forming others,and being prepared.
Mediaplanets business is to create new
customers for our advertisers by providing
readers with high-quality editorial content
that motivates them to act.
MARY L. ALLEN
ALLERGY / ASTHMA
INFORMATION ASSOCIATION
It is not
uncommon for
people with
allergies and
asthma to
feel isolated
and anxious.
Sometimes there
is a sense that
others do not
understand the
gravity of their
condition.
You need to
organize... and
make sure that
everyone that
comes into contact
with your child
realizes they have a
food allergy and the
severity of it.
BREATHE BETTER, LIVE WELL
Education and preparation allow
you to manage your allergic
conditions and live life to the fullest.
PHOTO: THINKSTOCK.COM
MARY L. ALLEN
editorial@mediaplanet.com
Allergies and asthma are a growing public health issue. Every year in Canada,
there are 146,000 emergency room visits due to asthma attacks,
and one in 13 Canadians sufers from a signicant food allergy.
ASTHMA AND ALLERGIES
FIRST EDITION, JUNE 2014
Publisher: Nerissa Bradley
Business Developer: Brandon Cleary
Managing Director: Joshua Nagel
Production Manager: Laura Shaw
Lead Designer: Matthew Senra
Designer: Scott Dixon
Contributors: Mary L. Allen, , D.F.
McCourt, Ishani Nath, Beatrice Povolo
Send all inquiries to
editorial@mediaplanet.com
Distributed within:
The Toronto Star, June 2014
This section was created by Mediaplanet
and did not involve the Toronto Star or its
Editorial Departments.
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respective owners
Ming Tsai :
fired up about
food allergies
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THE CANADIAN ASTHMA EPIDEMIC
We are in the midst of an
asthma epidemic. Roughly 20
percent of Canadian children
and 10 percent of adults
suffer from asthma more
than triple the rate seen just
50 years ago. And no one
knows exactly what causes it.
Understanding the origins of asth-
ma and allergies is the major focus of
the CHILD (Canadian Healthy Infant
Longitudinal Development) Study,
launched in 2008 as a collaboration
between the Canadian Institutes of
Health Research and the AllerGen
NCE research network.
A look at the CHILD Study
With more than 3,000 families par-
ticipating,this is the largest hands-on
birth cohort study to have ever been
conducted in Canada. CHILD looks at
how the environment that a child is
exposed to during pregnancy and in
the rst few years of life can interact
with genetics to cause allergies,asth-
ma and other chronic diseases.
We recruited mothers during
their pregnancies and have followed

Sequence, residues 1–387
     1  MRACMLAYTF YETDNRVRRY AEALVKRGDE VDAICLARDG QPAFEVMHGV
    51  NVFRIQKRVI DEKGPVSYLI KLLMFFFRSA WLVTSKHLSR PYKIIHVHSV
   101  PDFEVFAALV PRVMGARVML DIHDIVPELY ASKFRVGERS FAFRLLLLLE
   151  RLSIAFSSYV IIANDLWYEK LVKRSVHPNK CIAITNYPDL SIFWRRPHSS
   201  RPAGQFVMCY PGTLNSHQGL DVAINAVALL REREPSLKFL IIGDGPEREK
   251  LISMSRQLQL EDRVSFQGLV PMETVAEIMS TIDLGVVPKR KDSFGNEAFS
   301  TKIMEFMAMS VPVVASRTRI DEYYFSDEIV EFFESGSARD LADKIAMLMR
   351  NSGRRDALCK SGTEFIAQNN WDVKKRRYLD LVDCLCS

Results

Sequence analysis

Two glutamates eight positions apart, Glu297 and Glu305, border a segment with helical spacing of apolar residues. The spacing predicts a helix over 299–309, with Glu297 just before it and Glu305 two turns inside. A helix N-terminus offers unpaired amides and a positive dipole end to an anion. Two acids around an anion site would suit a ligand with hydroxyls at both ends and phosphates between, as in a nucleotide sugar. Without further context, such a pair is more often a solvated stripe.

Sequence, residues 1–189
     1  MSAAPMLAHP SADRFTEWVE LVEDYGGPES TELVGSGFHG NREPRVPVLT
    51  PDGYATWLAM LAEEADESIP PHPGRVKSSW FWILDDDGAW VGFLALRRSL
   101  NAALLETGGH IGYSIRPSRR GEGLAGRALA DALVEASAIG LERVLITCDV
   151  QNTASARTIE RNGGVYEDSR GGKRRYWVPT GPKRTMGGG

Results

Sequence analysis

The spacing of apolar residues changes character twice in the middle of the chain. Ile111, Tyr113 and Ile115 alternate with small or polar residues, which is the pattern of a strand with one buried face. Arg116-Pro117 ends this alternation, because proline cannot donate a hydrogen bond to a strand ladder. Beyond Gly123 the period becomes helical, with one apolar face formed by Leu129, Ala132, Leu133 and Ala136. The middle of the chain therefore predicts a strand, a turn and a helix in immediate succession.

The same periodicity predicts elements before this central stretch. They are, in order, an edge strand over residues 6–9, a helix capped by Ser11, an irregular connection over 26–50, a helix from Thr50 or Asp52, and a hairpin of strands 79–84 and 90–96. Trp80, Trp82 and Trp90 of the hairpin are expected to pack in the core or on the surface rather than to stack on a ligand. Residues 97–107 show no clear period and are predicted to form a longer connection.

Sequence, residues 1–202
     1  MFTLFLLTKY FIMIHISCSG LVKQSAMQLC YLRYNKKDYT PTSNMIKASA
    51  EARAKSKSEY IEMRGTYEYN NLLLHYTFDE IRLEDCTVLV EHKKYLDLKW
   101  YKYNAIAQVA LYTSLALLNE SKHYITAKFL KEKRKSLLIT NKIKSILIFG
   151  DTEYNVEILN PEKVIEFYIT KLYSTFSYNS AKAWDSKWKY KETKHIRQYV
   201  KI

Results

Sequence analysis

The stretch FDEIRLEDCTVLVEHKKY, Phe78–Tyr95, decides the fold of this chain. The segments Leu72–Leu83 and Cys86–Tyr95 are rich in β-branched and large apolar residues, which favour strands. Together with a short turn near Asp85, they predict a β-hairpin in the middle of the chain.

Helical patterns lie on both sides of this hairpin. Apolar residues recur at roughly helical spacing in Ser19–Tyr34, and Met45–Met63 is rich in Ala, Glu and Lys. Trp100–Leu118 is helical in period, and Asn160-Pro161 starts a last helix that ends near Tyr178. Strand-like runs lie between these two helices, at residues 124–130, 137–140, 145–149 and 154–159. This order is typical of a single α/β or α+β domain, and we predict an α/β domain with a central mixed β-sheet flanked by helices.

these families after birth into their
home environments, and through
childhood to age ve years, says
CHILD Study Director and McMaster
University professor Malcolm Sears.
Theres reason to hope that asth-
ma may be preventable. If you
look at identical twins, says Study
Co-Director Padmaja Subbarao, a
respirologist at Sick Kids Hospital,
sometimes only one twin in a twin
set will develop asthma, suggesting
that environmental factors may in-
uence the genetics.
Minimizing risks
One of the studys main discoveries
thus far casts new light on an old
theory known as the hygiene hy-
pothesis, which suggests that an ex-
cessively clean and sterile environ-
ment may increase the risk of kids
allergies and asthma.If true,it would
help explain why these diseases are
more prevalent in developed coun-
tries than in the developing world.
Encouragingly, this means that
parents might have the power to
help guard their kids against asth-
ma and allergies through simple
changes, like increasing outdoor
play. CHILD researchers hope that
their results might inuence pub-
lic policy and even urban planning,
helping to build cities that naturally
keep us healthier.
Of course, there is more work to
do, and that work requires ongoing
funding.If the CHILD Study is able to
follow their cohort into adulthood,
they expect further breakthroughs
not only in regards to asthma and al-
lergies,but also other chronic condi-
tions such as type 2 diabetes, obes-
ity, and mental illness. Were still
in the early days of a very signicant
study, Dr. Sears says with convic-
tion and optimism.
D.F. MCCOURT
editorial@mediaplanet.com
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From home to school to
restaurants, allergic in-
dividuals, and those who
care for them, must be
vigilant when managing
their allergies. However,
with some planning and
preparedness, allergic in-